With the fifth pick of the 2010 Pride of Detroit Community Mock Draft, the Kansas City Chiefs select Tennessee safety Eric Berry.
Here is GRLion's reasoning for the pick:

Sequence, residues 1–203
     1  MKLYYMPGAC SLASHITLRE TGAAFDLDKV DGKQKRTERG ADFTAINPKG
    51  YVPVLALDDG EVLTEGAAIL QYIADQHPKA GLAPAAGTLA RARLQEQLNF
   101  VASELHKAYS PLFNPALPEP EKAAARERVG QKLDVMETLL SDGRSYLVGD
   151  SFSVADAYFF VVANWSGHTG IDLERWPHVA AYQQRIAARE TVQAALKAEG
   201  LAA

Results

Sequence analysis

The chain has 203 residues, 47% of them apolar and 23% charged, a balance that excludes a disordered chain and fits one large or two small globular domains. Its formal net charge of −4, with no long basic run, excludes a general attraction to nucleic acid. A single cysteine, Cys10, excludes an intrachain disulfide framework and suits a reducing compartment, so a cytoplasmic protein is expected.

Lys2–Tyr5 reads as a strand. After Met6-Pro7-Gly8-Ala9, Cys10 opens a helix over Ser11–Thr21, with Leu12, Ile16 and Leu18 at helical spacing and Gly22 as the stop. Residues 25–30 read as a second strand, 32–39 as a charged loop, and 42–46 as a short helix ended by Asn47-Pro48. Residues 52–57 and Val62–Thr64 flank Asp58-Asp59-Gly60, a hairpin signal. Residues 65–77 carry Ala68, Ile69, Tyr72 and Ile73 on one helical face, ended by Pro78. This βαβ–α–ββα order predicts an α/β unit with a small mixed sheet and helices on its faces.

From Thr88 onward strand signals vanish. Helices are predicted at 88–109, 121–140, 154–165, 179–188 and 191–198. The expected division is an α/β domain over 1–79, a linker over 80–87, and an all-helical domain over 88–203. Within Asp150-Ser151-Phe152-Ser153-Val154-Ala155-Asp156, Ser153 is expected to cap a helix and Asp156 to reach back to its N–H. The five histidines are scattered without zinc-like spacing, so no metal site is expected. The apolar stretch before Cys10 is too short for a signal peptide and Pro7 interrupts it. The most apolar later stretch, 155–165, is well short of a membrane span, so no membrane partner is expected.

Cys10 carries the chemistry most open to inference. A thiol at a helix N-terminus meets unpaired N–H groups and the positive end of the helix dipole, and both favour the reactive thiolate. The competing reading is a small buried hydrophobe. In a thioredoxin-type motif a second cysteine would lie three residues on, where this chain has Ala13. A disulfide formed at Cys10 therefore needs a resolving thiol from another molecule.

First of all, my criteria for these picks is a combination of the 3 criteria I had asked Sean about. My picks for the Chiefs are based on a combination of Arrowhead Pride fan opinion, insight into the mind of Scott Pioli and what he might likely do (big thanks to the AP people on this), and my own evaluations of the individual players' skills and how they might fit that.Scott Pioli has a much different philosophy than Jim Schwartz when it comes to drafting. Schwartz believes in taking the "Best Player Available that fits," regardless of position. The only position he puts above the others is QB, as he has said in the past. That's the extent of how far Schwartz will go in terms of "positional value" thinking.......QB, then everybody else. Schwartz also drafts for talent, not need. As he's said in the past, he won't draft by need unless he's only got a couple holes left to fill.